Radio Fad: Collecting Verified Reception Stamps

In the 1920s and early 1930s, collecting radio verification stamps was a big fad. Broadcasters rewarded listeners for sending in reception reports by mailing them a stamp with the station's call letters on it.

The stamps usually came on a card verifying the listener's report since signal strength and coverage could vary widely depending on equipment and atmospheric conditions. Two firms out of Chicago were involved in making the stamps and albums for them. The more prominent was EKKO Company and the lesser known P.M. Bryant Company. The Bryant stamps, like the one here, are rare because they had a fairly limited run being sold directly to collectors too impatient to wait for a reply from stations between 1925 and 1927. (See ad below) Stamps came in a variety of colors including red, green, purple, brown, blue, gray and orange. More than 700 stations in the U.S., Canada, Mexico and Cuba participated in the promotion. Canadian EKKO stamps featured a beaver instead of an eagle. By the mid-1930s, radio technology had improved to the extent that listener reception reports were no long needed for the conventional A.M. broadcast band.

 

 

 

 

 

Radio News from February, 1925 

 

 

Ekko Stamp Album ad from December, 1924. (WNYC Archive Collections)

Ad for Bryant radio stamps, February, 1925. (WNYC Archive Collections)

Just as the EKKO and Bryant stamp collecting fad was fading, a third maker of verified reception stamps briefly came on the scene. These were known as AFCO stamps. In the mid-to-late 1930s Arthur Foerster, a Vice President of the Newark News Radio Club copied the EKKO stamp. Listener-collectors reportedly sent Foerster a reception report along with postage and a nickle for a radio stamp like the one at the right. They are quite rare.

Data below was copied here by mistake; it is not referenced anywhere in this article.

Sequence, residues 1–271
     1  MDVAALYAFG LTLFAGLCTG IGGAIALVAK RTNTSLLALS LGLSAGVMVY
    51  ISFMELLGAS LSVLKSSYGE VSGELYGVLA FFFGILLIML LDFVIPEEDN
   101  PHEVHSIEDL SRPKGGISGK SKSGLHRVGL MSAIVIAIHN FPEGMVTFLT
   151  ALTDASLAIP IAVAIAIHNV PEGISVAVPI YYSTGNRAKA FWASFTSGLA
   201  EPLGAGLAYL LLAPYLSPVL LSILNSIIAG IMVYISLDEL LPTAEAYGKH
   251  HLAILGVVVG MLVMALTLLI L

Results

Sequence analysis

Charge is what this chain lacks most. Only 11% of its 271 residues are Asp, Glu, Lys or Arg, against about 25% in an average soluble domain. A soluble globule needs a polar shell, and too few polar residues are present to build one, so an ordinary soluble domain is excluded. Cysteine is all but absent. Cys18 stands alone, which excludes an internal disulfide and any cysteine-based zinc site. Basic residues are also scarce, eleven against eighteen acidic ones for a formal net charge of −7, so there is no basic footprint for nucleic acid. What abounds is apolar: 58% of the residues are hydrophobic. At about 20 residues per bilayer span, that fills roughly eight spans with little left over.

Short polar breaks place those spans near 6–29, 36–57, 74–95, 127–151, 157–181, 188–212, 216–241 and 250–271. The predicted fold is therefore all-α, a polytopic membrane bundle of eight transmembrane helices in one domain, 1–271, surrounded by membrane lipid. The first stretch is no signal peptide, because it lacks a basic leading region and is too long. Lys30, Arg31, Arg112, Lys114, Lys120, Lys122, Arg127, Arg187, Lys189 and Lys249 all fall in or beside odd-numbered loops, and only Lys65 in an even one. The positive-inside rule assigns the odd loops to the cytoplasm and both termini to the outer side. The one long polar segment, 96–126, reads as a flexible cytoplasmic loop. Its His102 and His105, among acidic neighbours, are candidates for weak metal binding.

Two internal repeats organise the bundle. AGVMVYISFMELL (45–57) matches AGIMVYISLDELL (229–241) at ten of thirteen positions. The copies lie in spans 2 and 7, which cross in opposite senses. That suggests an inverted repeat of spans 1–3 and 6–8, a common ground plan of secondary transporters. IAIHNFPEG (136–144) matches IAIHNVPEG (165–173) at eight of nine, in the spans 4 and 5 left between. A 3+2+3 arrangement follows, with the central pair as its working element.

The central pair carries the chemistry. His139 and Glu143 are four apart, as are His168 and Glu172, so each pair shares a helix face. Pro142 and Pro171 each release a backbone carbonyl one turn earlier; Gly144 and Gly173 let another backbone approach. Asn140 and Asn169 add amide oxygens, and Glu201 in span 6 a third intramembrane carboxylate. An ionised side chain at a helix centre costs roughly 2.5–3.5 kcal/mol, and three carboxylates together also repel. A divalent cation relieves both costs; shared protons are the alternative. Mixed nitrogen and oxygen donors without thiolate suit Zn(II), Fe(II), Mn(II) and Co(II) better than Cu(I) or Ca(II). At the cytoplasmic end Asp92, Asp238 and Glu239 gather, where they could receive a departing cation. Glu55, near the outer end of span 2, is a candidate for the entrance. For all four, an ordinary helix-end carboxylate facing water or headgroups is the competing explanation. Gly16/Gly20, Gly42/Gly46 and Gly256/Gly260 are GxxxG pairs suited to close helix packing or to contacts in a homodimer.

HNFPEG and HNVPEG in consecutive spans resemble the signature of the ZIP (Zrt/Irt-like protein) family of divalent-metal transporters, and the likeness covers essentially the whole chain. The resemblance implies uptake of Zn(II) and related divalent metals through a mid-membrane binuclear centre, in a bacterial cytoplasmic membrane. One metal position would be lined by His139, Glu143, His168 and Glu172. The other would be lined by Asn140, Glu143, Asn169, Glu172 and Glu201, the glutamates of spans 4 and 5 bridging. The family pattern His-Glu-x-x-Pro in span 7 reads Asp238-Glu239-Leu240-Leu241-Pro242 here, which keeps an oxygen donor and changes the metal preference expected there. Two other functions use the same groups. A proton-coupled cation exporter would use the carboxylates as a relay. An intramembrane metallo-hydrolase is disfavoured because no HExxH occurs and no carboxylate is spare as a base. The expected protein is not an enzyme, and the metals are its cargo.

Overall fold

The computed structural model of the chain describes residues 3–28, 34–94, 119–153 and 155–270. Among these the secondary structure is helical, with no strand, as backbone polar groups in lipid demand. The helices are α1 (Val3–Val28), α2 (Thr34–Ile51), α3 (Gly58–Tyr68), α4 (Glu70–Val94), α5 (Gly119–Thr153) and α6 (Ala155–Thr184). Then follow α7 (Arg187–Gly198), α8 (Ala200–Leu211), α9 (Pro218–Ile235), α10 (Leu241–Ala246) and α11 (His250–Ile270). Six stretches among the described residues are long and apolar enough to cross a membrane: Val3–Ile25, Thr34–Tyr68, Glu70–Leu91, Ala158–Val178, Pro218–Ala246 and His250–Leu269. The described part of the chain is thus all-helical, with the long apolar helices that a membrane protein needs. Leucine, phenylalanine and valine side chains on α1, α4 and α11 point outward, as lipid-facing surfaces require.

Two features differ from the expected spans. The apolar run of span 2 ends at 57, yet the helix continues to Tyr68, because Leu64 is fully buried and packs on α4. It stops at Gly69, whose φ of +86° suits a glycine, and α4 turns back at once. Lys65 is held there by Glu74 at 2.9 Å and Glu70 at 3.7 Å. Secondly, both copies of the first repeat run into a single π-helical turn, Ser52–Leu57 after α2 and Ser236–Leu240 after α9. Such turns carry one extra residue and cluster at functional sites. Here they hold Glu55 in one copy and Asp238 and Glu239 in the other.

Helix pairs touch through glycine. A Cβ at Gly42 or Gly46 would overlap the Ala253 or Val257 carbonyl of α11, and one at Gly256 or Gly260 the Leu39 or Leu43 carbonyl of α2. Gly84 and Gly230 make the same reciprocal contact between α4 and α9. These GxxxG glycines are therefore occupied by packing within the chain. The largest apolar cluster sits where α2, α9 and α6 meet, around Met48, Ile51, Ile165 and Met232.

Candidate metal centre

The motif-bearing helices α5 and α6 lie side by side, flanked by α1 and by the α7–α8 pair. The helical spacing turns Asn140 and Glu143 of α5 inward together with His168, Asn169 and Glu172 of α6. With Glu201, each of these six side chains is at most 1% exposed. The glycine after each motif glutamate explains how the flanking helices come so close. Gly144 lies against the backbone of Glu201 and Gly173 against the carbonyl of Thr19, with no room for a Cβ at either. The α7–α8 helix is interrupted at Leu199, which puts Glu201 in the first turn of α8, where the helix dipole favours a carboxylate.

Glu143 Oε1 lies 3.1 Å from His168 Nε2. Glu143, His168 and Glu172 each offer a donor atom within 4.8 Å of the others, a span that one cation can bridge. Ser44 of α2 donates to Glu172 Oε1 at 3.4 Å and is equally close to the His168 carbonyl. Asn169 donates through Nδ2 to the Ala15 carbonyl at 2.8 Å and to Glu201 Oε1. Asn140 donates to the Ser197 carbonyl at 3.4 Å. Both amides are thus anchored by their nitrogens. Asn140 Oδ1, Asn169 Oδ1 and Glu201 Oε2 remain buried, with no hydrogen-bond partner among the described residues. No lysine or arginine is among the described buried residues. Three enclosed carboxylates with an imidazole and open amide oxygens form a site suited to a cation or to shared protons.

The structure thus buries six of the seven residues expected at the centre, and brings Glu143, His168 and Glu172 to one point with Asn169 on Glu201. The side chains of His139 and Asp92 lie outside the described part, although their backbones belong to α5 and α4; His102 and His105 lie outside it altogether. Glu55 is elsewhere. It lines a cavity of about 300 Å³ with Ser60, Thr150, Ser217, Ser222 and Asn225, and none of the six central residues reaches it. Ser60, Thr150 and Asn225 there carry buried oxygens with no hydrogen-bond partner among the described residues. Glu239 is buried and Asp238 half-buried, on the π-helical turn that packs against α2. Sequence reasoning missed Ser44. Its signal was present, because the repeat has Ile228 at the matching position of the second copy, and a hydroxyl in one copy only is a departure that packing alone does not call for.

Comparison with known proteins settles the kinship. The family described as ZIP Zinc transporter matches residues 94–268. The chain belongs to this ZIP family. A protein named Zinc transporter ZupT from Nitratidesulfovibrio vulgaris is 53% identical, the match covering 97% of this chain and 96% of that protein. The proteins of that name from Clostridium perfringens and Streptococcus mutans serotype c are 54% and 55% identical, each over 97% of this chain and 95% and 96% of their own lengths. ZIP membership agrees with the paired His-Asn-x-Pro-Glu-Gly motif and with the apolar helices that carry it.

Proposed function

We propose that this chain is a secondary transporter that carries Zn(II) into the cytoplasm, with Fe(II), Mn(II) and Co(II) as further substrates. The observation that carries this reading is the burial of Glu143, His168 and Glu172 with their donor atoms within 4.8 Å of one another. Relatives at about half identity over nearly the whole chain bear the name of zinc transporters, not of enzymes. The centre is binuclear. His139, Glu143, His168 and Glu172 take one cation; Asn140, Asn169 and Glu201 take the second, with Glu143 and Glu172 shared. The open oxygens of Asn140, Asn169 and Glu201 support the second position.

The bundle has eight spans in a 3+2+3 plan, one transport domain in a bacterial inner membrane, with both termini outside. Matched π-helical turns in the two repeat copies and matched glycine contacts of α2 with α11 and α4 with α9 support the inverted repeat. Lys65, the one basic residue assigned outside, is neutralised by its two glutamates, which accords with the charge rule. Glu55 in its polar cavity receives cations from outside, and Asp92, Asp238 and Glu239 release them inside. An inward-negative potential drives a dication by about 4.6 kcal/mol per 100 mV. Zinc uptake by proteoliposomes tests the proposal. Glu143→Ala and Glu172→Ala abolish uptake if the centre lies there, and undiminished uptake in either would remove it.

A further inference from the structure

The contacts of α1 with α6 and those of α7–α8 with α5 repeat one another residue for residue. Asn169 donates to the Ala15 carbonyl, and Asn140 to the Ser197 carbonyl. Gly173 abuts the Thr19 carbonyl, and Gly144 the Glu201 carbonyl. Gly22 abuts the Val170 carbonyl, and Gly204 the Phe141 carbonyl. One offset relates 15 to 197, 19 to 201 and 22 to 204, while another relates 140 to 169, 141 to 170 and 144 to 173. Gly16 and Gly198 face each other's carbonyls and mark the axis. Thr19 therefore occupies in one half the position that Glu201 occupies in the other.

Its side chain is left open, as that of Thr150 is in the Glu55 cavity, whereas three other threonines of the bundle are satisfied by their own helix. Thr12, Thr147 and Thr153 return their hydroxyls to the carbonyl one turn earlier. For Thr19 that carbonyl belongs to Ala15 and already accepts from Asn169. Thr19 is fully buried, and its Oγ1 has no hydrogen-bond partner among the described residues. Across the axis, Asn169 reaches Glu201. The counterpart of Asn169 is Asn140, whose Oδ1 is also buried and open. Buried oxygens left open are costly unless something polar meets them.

Broadcast on WNYC Today in:

1944: Mayor F. H. La Guardia in his weekly Talk to the People considers the possbility of a German attack on the U.S. mainland. "The Nazis persist, in their talks over their radio,  in stating that by the end of the month, they will be ready to attack the Atlantic Coast of our country with the V-3 bomb…I was interviewed by a representative of the British Press concerning our attitude on this. Well, I think the answer is very simple. We will take it in the same spirit that the people of London took the Blitz..."

1953: President Eisenhower addresses the 8th Session of the United Nations General Assembly.

1962: Frederick Dvonch talks about conducting the musical theatre and Sid Ramin talks about orchestration for an ASCAP program on musical comedy.

1973: Painter Todd William and urban designer Bob Votova talk about planning public art programs on Artists in the City.

1989: Arts Alive From the Algonquin with host William Luers and  features guests Kishasha Conwill, George Langdon, and Robert MacDonald.

1992: The Sea Cliff Chamber Players with Paul Schoenfield perform for Around New York.

2004: The Brian Lehrer Show interviews Mohammed Fadhil and Omar Fadhil, two members of a trio of Baghdad brothers who write a blog together called Iraqthemodel. Mohammed talks about running for a seat in the new Iraqi parliament.